Date of Award

Spring 5-2020

Author's School

Graduate School of Arts and Sciences

Author's Department


Degree Name

Master of Arts (AM/MA)

Degree Type



Executive Ability Difficulties in Everyday Contexts among Children with Sickle Cell Disease Objective: The present study investigated the utility of the Behavior Rating Inventory of Executive Function (BRIEF) in identifying executive ability difficulties in everyday contexts among children with sickle cell disease (SCD). Method: Participants were 243 children with SCD and 409 typically-developing control children ranging from 5.0 to 18.3 years of age (M=10.5, SD=3.4). The primary outcome, reported executive ability difficulties, was assessed using the Behavior Rating Inventory of Executive Function (BRIEF) Parent Form. IQ was estimated using the Weschler Abbreviated Scale of Intelligence (WASI). Sociodemographic information was obtained from parents, and SCD characteristics were ascertained from medical records. Results: Independent samples t-tests indicated that children with SCD had poorer scores than typically-developing controls on the BRIEF Global Executive Composite Index. Additional analysis showed that their scores were also poorer than those of controls across both BRIEF indices (Behavioral Regulation, Metacognition) and the 8 individual scales of the BRIEF. Models investigating the contributions of infarct status, age, and parent education on the BRIEF Global Executive Composite, Behavioral Regulation, and Metacognition Indices indicated significant, independent associations of infarct status and parent education with each BRIEF measure, as well as a significant age by group interaction for the Behavioral Regulation Index. Conclusion: The BRIEF is of utility in identifying executive difficulties among children with SCD.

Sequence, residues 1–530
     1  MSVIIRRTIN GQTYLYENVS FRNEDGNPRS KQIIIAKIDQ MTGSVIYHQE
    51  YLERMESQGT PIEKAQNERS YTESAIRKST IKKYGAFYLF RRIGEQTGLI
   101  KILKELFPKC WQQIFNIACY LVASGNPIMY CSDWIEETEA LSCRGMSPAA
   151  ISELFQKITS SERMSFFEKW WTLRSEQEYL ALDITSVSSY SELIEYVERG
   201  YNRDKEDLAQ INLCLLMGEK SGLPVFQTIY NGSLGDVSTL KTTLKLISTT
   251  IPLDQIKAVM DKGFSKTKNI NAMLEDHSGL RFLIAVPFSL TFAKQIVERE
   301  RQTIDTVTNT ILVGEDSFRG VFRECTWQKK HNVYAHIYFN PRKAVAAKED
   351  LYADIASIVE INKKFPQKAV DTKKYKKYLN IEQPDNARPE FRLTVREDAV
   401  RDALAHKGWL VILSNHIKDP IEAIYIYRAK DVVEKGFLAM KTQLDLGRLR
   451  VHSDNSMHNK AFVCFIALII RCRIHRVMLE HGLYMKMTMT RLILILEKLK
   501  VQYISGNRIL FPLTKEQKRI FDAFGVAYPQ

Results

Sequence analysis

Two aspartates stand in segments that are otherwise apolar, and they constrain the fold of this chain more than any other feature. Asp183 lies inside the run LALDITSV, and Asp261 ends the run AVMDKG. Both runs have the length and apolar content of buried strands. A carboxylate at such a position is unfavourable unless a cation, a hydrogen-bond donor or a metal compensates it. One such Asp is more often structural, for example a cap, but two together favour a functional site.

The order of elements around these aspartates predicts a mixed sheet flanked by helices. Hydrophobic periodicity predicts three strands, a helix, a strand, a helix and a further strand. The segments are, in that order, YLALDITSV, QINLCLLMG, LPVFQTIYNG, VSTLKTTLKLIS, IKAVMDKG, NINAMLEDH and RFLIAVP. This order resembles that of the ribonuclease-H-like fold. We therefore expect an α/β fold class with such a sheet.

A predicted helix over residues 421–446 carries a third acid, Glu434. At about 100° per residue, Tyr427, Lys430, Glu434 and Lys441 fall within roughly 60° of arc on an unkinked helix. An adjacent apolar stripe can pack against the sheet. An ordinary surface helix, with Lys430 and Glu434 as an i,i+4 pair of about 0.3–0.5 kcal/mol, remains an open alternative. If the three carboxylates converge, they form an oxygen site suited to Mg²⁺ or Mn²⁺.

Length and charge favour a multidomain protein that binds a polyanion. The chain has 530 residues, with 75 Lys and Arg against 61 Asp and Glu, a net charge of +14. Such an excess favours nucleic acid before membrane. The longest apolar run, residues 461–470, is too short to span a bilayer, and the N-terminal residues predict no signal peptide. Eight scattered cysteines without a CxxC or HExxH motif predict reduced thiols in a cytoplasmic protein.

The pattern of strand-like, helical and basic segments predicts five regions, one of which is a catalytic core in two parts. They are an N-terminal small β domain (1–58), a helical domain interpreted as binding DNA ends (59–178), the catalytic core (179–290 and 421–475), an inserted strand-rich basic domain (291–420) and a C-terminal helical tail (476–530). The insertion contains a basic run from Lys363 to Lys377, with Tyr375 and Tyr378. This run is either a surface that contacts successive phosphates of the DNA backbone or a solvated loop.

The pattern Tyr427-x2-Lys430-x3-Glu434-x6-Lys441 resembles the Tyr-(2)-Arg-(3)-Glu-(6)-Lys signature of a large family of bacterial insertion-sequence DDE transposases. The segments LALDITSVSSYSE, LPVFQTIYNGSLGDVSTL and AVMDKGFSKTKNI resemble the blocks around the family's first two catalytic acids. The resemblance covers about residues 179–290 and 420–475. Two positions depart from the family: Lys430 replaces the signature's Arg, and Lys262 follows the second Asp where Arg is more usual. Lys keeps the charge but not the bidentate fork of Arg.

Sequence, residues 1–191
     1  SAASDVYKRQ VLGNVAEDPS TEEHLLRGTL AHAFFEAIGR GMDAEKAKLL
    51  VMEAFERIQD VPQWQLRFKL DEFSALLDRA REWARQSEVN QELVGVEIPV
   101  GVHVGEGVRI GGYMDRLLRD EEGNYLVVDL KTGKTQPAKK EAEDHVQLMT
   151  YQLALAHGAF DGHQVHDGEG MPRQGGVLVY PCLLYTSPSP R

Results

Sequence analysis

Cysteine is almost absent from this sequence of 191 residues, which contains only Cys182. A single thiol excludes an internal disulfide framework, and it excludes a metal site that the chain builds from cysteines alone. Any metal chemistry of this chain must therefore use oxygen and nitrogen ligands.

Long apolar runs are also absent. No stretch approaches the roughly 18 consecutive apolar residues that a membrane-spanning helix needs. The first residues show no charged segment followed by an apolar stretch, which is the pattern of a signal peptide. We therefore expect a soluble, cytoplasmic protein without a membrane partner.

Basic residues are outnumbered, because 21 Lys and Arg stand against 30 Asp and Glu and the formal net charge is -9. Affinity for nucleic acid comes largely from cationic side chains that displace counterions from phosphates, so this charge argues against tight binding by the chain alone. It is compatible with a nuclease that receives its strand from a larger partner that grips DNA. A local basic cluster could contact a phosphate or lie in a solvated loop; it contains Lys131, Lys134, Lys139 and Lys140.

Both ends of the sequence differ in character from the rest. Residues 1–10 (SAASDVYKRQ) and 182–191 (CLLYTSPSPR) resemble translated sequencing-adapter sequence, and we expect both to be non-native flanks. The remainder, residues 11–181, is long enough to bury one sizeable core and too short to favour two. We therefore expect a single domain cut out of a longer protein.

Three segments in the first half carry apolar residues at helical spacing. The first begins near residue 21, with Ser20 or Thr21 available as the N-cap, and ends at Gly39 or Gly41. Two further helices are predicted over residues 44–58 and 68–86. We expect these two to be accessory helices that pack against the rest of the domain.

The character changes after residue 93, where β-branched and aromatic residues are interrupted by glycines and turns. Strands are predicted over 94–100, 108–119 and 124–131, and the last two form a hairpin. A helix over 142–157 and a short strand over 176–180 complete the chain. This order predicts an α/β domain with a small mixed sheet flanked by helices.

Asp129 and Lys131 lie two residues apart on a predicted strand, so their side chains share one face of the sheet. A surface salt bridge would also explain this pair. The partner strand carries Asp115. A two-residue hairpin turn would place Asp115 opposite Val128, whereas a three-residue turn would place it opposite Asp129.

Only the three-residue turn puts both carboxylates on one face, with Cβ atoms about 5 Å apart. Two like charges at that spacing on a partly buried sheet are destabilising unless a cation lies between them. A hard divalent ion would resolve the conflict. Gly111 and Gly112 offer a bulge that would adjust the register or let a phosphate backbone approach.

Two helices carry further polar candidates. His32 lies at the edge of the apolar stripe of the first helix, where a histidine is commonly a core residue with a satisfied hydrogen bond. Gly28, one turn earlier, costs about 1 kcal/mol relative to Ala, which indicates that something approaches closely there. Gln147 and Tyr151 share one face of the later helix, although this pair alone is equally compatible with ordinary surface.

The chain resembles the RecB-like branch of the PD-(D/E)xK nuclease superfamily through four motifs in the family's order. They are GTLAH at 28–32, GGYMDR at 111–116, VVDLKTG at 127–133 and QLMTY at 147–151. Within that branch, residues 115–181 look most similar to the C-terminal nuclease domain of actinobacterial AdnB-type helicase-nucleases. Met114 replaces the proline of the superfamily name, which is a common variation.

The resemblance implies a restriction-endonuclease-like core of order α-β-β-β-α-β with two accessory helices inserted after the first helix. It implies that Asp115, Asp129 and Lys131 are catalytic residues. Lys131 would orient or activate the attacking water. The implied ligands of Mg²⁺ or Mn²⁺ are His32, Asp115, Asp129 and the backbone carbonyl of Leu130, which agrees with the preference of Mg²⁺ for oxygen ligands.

English (en)

Chair and Committee

Desiree White, PhD

Committee Members

Michael Strube, PhD Allison King, MD, MPH, PhD

Included in

Psychology Commons